Abraham Lincoln's Residence

Abraham Lincoln's Residence

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Description (Brief)
Color print of a corner view of a two-story wood frame house identified as the residence of Abraham Lincoln. A horse-drawn wagon, a man on horseback and pedestrians are on the streets in the foreground.
This undated, hand-colored print of Lincoln’s residence in Springfield, Illinois, was most likely created in the period of high public demand for Lincoln images around the time of his assassination, during which many Northerners felt a desire to display a representation of the man they believed to be the savior of their nation. Lincoln lived in this two-story, twelve-room home from 1844 to 1861. In the print, a men on horseback, women with parasols, and a horse-drawn buggy all pass by the residence on the road. A beardless Abraham Lincoln and one his sons stand near the entrance to the home.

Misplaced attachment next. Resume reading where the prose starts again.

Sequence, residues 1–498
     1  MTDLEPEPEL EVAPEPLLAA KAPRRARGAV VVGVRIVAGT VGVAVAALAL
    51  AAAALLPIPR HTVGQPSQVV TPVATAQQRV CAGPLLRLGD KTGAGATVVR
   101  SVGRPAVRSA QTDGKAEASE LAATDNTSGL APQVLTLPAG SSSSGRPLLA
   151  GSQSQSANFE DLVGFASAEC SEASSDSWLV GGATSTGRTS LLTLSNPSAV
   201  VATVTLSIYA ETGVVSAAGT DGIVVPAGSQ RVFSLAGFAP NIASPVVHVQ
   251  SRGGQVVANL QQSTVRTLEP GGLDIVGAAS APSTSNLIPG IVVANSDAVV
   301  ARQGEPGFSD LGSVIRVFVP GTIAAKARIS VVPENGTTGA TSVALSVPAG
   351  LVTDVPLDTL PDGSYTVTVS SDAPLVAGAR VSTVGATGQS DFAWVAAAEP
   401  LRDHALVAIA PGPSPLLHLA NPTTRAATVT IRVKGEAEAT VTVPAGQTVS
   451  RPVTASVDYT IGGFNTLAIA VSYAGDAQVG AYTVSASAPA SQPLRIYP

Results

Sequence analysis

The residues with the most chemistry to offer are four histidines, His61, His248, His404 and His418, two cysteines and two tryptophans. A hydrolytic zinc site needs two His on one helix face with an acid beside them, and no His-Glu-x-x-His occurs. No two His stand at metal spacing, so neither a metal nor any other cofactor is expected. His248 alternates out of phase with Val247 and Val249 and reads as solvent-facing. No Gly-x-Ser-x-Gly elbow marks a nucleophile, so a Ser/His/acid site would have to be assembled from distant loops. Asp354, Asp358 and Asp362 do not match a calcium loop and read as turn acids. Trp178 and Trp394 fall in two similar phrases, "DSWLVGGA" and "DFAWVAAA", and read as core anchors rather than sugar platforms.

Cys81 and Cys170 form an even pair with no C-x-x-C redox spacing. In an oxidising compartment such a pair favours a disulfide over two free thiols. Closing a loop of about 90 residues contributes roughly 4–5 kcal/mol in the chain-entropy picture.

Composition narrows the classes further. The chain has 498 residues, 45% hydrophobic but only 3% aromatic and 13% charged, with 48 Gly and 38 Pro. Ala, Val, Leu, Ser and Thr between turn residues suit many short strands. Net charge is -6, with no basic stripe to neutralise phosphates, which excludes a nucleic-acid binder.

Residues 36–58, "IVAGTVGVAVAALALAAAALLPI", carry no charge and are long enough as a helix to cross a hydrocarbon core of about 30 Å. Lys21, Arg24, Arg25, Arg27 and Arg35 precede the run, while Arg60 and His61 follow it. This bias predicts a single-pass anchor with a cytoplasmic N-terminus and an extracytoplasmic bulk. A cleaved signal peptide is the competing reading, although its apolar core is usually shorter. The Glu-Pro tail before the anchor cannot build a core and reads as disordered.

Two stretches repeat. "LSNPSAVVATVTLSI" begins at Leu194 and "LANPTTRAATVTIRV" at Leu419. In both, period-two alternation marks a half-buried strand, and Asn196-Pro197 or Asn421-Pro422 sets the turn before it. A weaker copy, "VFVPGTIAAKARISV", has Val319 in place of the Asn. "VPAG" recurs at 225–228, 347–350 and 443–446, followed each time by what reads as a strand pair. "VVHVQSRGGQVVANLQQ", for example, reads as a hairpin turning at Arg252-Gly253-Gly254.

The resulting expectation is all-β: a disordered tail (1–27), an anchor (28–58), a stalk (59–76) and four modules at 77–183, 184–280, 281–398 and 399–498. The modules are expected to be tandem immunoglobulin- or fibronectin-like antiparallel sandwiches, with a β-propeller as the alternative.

On February 6, 1861, about 700 friends, neighbors, and well-wishers came to his residence to bid him farewell before he left for Washington. Lincoln departed Springfield on February 11, 1861, for his inauguration, but would never return to this home alive. His oldest son, Robert Todd Lincoln, donated the family home to the state of Illinois in 1887 and it was designated a National Historic Landmark in 1960.
The publisher of the print, R.R. Landon, of Chicago, also published numerous engravings of Lincoln by American artist John Sartain. After Lincoln’s assassination, Landon produced and sold mourning badges featuring the likeness of the dead president to the grieving Chicago public. Landon’s print bears many similarities to another printed by L. Prang & Co, “Home of Abraham Lincoln,” also found in the “America on Stone” Collection.
Currently not on view
Object Name
Object Type
date made
Lincoln, Abraham
Landon, R.R.
place made
United States: Illinois, Chicago
Physical Description
ink (overall material)
paper (overall material)
image: 8 in x 12 in; 20.32 cm x 30.48 cm
ID Number
catalog number
accession number
Credit Line
Harry T. Peters "America on Stone" Lithography Collection
Architecture, Historic Residences
See more items in
Cultural and Community Life: Domestic Life
Domestic Furnishings
Peters Prints
Data Source
National Museum of American History
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